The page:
Effects of linoleate-enriched and oleate-enriched diets in combination with α-tocopherol on the susceptibility of LDL and LDL subfractions to oxidative modification in humans

P. D. Reaven, B. J. Grasse, D. L. Tribble

Research output: Contribution to journalArticle

158 Citations (Scopus)

Abstract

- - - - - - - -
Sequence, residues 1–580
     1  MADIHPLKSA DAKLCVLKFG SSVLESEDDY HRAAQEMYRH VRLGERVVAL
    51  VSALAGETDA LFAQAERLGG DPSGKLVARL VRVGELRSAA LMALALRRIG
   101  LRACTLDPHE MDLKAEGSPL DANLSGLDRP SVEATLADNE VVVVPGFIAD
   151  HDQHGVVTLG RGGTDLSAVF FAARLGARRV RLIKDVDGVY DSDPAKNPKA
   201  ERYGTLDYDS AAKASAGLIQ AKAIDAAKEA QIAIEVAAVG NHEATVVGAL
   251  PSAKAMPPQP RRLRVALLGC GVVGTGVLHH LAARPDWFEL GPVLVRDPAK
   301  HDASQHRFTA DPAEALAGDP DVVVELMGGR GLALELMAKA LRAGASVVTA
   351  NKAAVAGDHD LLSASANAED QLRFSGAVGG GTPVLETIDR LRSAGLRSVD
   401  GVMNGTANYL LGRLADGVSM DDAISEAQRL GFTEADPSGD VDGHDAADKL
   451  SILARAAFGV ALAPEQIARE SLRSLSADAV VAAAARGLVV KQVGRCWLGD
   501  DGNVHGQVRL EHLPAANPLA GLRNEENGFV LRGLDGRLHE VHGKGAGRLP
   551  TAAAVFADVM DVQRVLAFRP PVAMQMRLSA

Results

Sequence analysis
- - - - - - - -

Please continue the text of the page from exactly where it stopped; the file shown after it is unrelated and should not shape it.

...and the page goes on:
This report describes the effects of feeding linoleate- or oleate-enriched diets to subjects who were concurrently taking 1200 mg/d of α-tocopherol on the susceptibility of low-density lipoprotein (LDL) and buoyant and dense LDL subfractions to oxidation. LDL isolated from subjects who consumed linoleate- enriched diets was more susceptible to copper-mediated oxidation, as measured by formation of conjugated dienes and lipid peroxides and loss of unsaturated fatty acids, compared with LDL isolated from subjects who consumed their usual or oleate-enriched diets. In all subjects, buoyant LDL had a higher content of α-tocopherol per particle and a lower 18:2 to 18:1 ratio and was considerably more resistant to oxidation than dense LDL. Although dense LDL from all groups had comparable α-tocopherol levels, dense LDL from the linoleate group was most susceptible to oxidation, followed by that from the standard diet, whereas dense LDL isolated from the oleate diet group was most resistant. In summary, high dosages of α-tocopherol did not prevent enhanced susceptibility to oxidation of LDL isolated from subjects fed linoleate- enriched diets. Furthermore, dense LDL was more susceptible to oxidation than was buoyant LDL, and this effect was greatly exaggerated in the dense LDL isolated from subjects fed linoleate-enriched diets. Conversely, dense LDL isolated from subjects fed oleate-enriched diets was the most protected. If oxidation of LDL is important in the pathogenesis of atherosclerosis, then these data suggest that in people with increased amounts of small, dense LDL, dietary enrichment in oleic acid may decrease the susceptibility of their LDL to oxidation.